That societies censure homicide does not mean people have stopped killing. It means that whoever does it, pays for it. Social morality thinks it's wrong to kill and the vast majority of us don't kill. Nor do we rob. Socially censuring corruption and punishing it judicially are steps toward living in better, healthier and less poor societies.

The most pernicious corruption affecting political life and state institutions is what could be called "patrimonial corruption." This type, according to Sotelo's definition, "is unique to economically and politically underdeveloped societies, where political power, without democratic control, manages state finances and the country's economy as if they were the personal patrimony of the head of state. Somoza's Nicaragua and Hassan's Morocco are good examples of this patrimonial corruption." Nicaragua today is again suffering patrimonial corruption, not only in the executive branch but also the legislative and judicial ones.

This corruption essentially means using political power as a means of illicit enrichment. It is, according to Aragón, "the concept of power as a prize to share among friends and faithful, the prevalence of luxury and easy money in the collective mentality instead of austerity and hard work." Others have called it "state privatization" benefiting the governing group, the subordination of political power to private property. Corruption implies the use of political power for ends other than that for which it was created, which is to serve the community's general interests.

White Collar Criminals

Patrimonial corruption has its own characteristics. Those who practice it are not delinquents from the slums or marginal neighborhoods. On the contrary, they live in elegant zones, are well known and can even pass as honorable. To clarify the point even more, it is useful to gather here the five elements that Sutherland uses to define what he calls white collar crime:

*The action has clearly illegal characteristics.
*It is carried out by a qualified and respectable person.
*The person is in a high social position.
*The crime is committed as an extension of the occupation.
*It is primarily based on abuse of confidence.

Combining these elements and applying them to our political situation, depending on the neighborhood we live in, we will find that some white collar criminals are our neighbors, even devout Christians or dedicated members of some political party, who sit down with us to pontificate on how to get the country out of its crisis, without mentioning??or perhaps even mentioning??the fight against corruption as one of the most urgent measures to be taken.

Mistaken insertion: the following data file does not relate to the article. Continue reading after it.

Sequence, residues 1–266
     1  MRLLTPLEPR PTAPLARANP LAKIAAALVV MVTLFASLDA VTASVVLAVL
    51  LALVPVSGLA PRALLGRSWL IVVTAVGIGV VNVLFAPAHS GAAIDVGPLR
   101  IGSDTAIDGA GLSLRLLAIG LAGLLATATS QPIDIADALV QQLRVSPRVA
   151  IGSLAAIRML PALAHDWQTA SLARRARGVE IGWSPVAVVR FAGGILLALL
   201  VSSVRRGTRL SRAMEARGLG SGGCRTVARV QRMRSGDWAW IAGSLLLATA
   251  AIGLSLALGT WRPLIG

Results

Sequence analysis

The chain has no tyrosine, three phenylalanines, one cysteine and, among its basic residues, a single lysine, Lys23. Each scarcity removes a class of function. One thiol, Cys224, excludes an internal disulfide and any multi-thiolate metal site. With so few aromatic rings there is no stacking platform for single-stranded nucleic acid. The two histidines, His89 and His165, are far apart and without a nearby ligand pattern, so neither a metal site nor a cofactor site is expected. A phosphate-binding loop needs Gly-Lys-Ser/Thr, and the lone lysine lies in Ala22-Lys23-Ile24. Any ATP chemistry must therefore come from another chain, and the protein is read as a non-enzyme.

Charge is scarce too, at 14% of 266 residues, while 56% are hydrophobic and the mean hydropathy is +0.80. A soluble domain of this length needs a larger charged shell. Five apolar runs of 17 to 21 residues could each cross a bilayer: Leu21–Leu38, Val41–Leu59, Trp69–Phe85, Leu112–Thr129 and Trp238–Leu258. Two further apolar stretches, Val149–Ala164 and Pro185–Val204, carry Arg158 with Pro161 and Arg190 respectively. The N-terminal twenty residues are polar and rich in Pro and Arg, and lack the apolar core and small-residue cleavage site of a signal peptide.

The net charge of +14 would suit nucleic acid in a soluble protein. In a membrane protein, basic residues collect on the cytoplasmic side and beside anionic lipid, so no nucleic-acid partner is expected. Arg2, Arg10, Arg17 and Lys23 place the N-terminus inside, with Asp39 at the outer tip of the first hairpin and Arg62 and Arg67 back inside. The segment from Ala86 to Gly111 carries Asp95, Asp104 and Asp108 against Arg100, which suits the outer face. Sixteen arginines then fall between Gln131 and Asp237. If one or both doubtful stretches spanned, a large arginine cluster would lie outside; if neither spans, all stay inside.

Greater Poverty, Greater Corruption

Certain historic elements should be noted. Political corruption??which we will simply call corruption??is a relatively modern phenomenon, unique to political systems that emerged in the 19th and 20th centuries. In pre?democratic states??throughout the world before the 19th century and in the majority in the present one ??corruption had another dimension because the state as such did not exist. In Machiavelli's era, for example, the state was the property of a small group of aristocrats who administered it as part of their patrimony. They acquired, sold, conquered or transferred territories, principalities and kingdoms the way we today buy, sell or rent farms, houses and automobiles. Luis XIV reflected the confusion between monarch and state in his celebrated phrase "I am the State." And no one can steal from oneself.

In the 19th century, when the institutions born of the French Revolution expanded to Europe and America, the state had an exceedingly restricted function, and "democracy," represented by the right to vote, was limited to those who had property. This was an ancient idea. Aristotle considered that "idleness is the mother of philosophy," and that without property there was no time for real work. As Crick notes, "the poor have rarely had the privilege of citizenship." They were taxpaying democracies, where only the rich counted. Several Nicaraguan Constitutions in the last century established that only property owners could vote. One of the great conquests of the 20th century was universal suffrage and control of the state by its citizens.